If you—the ever persistent pleasure seeker, the attuned musical connoisseur, the discerning ap- preciator of fine drinks—find yourself without en- gagement at 8 p.m. on Thursday, Nov. 19, you might make your way to Urban Lounge to catch SLUG’s Localized—sponsored by Uinta Brew- ing Co., High West Distillery, KRCL 90.9 FM and Spilt Ink SLC. This month’s showcase features the DJ stylings of headliners DJ Nix Beat and DJ Feral Cat, along with opener DJ Eric Jenson.
Sam Stinson, aka DJ Feral Cat—a no-nonsense audiophile with a flair for soul, funk, R&B, blues and underground disco—carries his 45” records in a cast-iron case and his wealth of musical knowledge with humble pride. His very presence seems to ask, “How much does music mean to you?” When in conversation, one can easily see how much it means to Stinson.
For Stinson, music became inherently linked to heritage and, at the same time, rebellion. “I started buying rap CDs at the age of 13,” he says. “That was a big deal then. I was in defiance of the music accepted by my parents. Ice-T’s Power was my first ‘explicit lyrics’ CD. I scored it used at another shop because I couldn’t buy explicit rap at my dad’s store.” His father’s shop—local vinyl staple Randy’s Records—definitely affected Stinson in those early years. “Growing up in a record store gave me access to music that most people of that time didn’t see, hear, know of,” says Stinson. “Being able to listen to that music definitely opened up music avenues that I wouldn’t have otherwise been exposed to.”
Perhaps more influential than the shop as a musical avenue were the audiophile tendencies of his father, Randy Stinson, who took it upon himself to impart a love for music to his children. “I remember when me and my siblings were kids, our dad called us into the other room and did a side-by-side listen of a CD versus a record,” says Stinson, “and he asked which one sounded better, and everyone said the record.” Randy’s refinement of taste and ear opened a constructive channel for Stinson. “[He] really influenced me to collect records—it put me on the path that I am on,” he says. It is this path of collecting that eventually led Stinson to DJing, but not in the most direct course.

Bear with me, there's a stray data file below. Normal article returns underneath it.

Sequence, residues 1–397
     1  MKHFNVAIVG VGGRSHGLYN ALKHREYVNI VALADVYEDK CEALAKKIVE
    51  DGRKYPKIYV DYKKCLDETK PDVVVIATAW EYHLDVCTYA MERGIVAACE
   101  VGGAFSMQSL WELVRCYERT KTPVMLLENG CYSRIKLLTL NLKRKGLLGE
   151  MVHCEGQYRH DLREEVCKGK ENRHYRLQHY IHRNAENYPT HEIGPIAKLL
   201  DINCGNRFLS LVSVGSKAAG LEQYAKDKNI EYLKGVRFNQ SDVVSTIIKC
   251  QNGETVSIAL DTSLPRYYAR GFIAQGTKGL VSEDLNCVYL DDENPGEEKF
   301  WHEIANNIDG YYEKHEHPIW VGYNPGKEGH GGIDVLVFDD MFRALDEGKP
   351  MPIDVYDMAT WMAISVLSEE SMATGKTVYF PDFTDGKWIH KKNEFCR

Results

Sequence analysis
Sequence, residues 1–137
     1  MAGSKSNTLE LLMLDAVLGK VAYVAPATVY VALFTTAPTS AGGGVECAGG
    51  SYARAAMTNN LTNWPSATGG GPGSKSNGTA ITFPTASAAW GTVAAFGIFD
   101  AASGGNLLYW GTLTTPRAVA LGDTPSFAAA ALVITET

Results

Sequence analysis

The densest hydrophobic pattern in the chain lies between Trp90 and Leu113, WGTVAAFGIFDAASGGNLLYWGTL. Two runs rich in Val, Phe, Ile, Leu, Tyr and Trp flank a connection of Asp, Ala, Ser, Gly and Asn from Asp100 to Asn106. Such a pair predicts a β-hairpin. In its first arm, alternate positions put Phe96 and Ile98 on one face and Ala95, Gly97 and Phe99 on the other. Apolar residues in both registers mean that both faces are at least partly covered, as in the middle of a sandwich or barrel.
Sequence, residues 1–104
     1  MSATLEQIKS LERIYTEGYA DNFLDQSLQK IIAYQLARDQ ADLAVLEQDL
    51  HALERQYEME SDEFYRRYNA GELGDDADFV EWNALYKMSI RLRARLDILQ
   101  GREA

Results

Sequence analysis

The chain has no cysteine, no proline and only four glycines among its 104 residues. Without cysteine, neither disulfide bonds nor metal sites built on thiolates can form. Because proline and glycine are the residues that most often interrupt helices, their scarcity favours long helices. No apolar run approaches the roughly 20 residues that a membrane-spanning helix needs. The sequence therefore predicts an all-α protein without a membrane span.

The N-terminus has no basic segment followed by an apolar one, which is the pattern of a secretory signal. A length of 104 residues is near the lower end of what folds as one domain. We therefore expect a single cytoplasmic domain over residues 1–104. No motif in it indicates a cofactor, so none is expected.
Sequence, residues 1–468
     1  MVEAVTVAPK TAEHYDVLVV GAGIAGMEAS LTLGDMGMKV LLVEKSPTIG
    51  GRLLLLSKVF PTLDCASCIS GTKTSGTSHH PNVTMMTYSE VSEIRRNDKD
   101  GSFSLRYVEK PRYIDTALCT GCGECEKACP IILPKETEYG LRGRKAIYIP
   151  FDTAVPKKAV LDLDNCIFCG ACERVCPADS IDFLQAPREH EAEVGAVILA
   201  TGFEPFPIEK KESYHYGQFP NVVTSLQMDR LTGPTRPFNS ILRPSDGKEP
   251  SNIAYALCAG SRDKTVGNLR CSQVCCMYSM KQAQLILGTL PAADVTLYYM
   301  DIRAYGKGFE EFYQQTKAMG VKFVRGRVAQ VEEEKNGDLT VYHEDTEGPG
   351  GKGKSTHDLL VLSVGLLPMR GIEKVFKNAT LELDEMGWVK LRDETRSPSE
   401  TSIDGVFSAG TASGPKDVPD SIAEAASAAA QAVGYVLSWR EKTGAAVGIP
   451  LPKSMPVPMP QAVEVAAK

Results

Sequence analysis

Stinson’s first memories of seeing a DJ in action were witnessing his brother perform at a church dance. “I saw that, and it was my first notion of DJing being really cool,” says Stinson, “but I never really thought about doing it myself until years later, when I was 16—my first gig was at a church dance.” Then, during the 2002 Olympics, Stinson filled in for his friend DJ Justin Godina at a last-minute gig, armed with nothing more than “a pre-mixed funk CD by a really good funk DJ, and [I] just let it ride,” says Stinson, “because back then, I didn’t really know what I was doing.” Years later, Stinson became a bartender at the now-defunct W Lounge and was able to “see and hear and get a taste for what [DJs] do.” This inspirational spark, along with Stinson’s astonishing record collection, pushed him to pursue something more legitimate as a DJ: “One day, my friend Brinton Jones suggested doing a soul night,” he says. “My friend Rebecca McIntosh hopped on board, and we started a night called Downtown Soulville then Soulville at the W Lounge. “But that was with CDs. Now it’s strictly vinyl, which is more fun.”
Stinson’s record collection, no doubt, began in his father’s record shop, but it was as he grew older that he began to further refine his own tastes and musical fancies. “My favorite stuff is ’65–’75 soul,” says Stinson. “I like the funkier end of soul.” His leaning in preference has had a great deal to do with how Stinson operates as a DJ. “I play a lot of lesser-known stuff—I get bored with hearing the same Motown and Atlantic tracks you hear in grocery stores,” he says. “I have a secret love for disco because it was the first type of music specifically formatted for DJs.” When pressed for his favorite artists from that time period, Stinson says, “I don’t even have favorite songs, generally. You know, you have your top, but there is just so much good stuff.” Furthermore, “There are a lot of great soul singers that put out one or two killer tracks during a certain era, on a certain label where it all came together.” But for Stinson, the greats for soul must include: Rodger Collins, Otis Redding, James Brown, Dyke & The Blazers, Bobby Powell and Milton Wright. And for R&B, no collection would be complete without Louis Jordan, Jimmy Reed and Hound Dog Taylor.
In the coming year, Stinson hopes to travel extensively—both for business and pleasure—digging for records in famed and not-so-famed records stores, and booking as many gigs as possible both within the country and without: “DJing is something that I do for fun, but record collecting is a bug I’ll probably always have.” From the back room of Randy’s Records to performing at SLUG’s Localized this month to ever expanding opportunities, one can have little doubt that, for DJ Feral Cat, music is a life-long labor of love.
For DJ Feral Cat online visit mixcloud.com/sam-nettle-stinson.